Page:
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Grassley Q&A: Afghan Drug Trade and Fentanyl

Q: Why is it important to strengthen enforcement of synthetic fentanyl?

A: Deaths and illnesses from COVID-19 have caused immeasurable pain and suffering among American families for more than a year. The pandemic is distressing our economy, supply chains and schools, causing continued anguish and uncertainty for U.S. households across the country. It’s impacting every facet of American life, including the deadly opioid crisis. Arguably, the pandemic has undermined the Trump administration’s successful efforts to combat the opioid crisis and curb overdose deaths, including in rural America. Opioid overdose deaths rose 30 percent in 2020, fueled largely by engineered substances that mimic fentanyl. According to data from the Iowa Department of Public Health, Iowa overdose deaths climbed 35 percent in 2020 over the previous year.

Fentanyl is an opioid that’s up to 100 times stronger than heroin. Under existing federal law, Fentanyl is a Schedule II drug. To evade detection and enforcement, drug trafficking organizations manipulate fentanyl into similar and dangerous analogues. These fentanyl analogues are more difficult to identify and control given the constantly changing nature of the drug. At a congressional hearing of the Senate Caucus on International Narcotics Control, I sounded the alarm that fentanyl analogues are driving up the death toll. Earlier this year, I led a bipartisan push for the Biden administration to continue the DEA’s scheduling authority over these deadly drugs. Similarly, I worked with other senators on efforts to permanently ban highly addictive fentanyl analogues. Congress temporarily extended DEA’s Schedule I controlled substance authority to include fentanyl analogues through Oct. 22, 2021. Keeping fentanyl-related substances included in this category empowers law enforcement to seize all iterations of these dangerous drugs. It would encompass the illicit efforts of drug traffickers who seek to evade enforcement by fiddling with new versions of synthetic fentanyl they smuggle across our borders. Criminal violations for Schedule I substances allow offenders to be penalized under longstanding sentencing guidelines, including minimum sentences for certain quantities of controlled substances. The Biden administration sent Congress a legislative proposal on scheduling these substances, but in its proposal, it bars the application of minimum sentencing ranges for fentanyl analogue traffickers and importers. This soft approach could lead to a higher overdose death toll in America. It’s a grave mistake for the Biden administration to soften enforcement of fentanyl-related substances.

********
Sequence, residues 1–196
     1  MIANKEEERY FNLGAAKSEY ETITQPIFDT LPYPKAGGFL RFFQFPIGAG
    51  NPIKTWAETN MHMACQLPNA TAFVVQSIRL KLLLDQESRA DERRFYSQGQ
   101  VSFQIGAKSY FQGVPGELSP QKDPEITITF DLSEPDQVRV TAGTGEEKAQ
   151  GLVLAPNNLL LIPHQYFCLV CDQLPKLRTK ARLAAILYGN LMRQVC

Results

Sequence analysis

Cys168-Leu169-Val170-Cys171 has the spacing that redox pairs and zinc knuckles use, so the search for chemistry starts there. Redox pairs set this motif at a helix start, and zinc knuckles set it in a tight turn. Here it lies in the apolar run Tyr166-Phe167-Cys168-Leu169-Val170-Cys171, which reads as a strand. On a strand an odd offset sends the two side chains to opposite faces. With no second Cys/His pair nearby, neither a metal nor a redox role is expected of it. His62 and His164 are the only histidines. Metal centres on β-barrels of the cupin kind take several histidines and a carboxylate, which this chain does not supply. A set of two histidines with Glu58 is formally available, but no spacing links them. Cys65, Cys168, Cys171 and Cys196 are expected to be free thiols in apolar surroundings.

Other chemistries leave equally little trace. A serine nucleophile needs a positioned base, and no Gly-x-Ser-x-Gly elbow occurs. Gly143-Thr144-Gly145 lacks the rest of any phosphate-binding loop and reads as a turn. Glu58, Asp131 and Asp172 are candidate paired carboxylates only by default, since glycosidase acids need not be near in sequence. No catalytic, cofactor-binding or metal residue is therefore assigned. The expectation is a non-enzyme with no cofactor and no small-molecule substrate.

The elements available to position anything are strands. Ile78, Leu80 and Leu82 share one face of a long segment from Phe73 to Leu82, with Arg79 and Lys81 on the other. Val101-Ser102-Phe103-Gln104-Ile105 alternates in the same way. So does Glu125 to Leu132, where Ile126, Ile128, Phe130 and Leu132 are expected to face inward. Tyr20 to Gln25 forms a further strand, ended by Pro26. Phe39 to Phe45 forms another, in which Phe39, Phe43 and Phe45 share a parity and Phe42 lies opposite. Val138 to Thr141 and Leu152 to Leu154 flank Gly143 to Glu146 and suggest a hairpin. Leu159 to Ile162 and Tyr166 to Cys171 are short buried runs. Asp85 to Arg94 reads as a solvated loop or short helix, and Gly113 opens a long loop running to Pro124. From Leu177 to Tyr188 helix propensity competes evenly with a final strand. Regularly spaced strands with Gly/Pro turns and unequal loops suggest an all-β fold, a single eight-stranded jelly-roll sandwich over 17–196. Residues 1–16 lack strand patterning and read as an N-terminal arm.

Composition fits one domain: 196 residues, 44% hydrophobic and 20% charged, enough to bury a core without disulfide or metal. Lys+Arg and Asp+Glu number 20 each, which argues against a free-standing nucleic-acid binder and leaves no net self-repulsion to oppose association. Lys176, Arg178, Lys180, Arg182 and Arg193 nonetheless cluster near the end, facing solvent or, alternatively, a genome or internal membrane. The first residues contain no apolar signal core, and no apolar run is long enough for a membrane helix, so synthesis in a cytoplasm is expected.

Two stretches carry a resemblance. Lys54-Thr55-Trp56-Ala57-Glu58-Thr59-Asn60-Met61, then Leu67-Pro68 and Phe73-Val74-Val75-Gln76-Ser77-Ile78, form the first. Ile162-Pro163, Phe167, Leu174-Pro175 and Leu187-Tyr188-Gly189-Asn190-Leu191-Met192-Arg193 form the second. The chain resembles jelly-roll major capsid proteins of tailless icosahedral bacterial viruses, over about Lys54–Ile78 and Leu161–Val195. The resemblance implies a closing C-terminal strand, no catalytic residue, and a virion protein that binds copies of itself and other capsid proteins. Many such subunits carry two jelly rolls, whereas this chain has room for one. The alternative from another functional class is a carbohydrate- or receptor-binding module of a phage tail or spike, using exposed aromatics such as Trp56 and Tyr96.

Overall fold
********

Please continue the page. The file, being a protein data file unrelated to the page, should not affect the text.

Q: What’s on the horizon with the drug trade in Afghanistan?

A: The Biden administration’s chaotic withdrawal from Afghanistan resulted in 13 dead U.S. service members and an untold number of Americans and Afghan allies left behind enemy lines. The U.S. military exit shirks the decades-long effort to shrink the drug trade that helped finance the Taliban. Make no mistake. Poppy farms and the drug trade anchor the Afghan economy and terrorist networks like meat and potatoes. Now, Afghanistan is poised to return as a safe haven for terrorists and the world’s biggest supplier of illicit opiates and heroin. The collapse of the Afghan army and economic instability serve as stepping stones for the drug trade to reemerge stronger than ever. Afghanistan supplies more than 80 percent of the world’s opium and heroin. The United Nations Office of Drugs and Crimes says the opiate economy in Afghanistan reached $6.6 billion in 2017. The Special Inspector General for Afghanistan (SIGAR) included in its report this year how the Taliban gets 60 percent of its profits from illicit drug trade. A month before the last U.S. troops left Afghanistan, I called upon President Biden to step up with a comprehensive counternarcotics strategy. I’ve yet to receive a response. America’s national security and opioid crisis are on the line. Without a plan, the resurgence of the Taliban and its domination of the Afghanistan people will fuel poppy cultivation, foster illicit drug trafficking, replenish terrorists’ coffers and kill even more Americans with overdose death and increase addiction, including rural communities in America’s Heartland.

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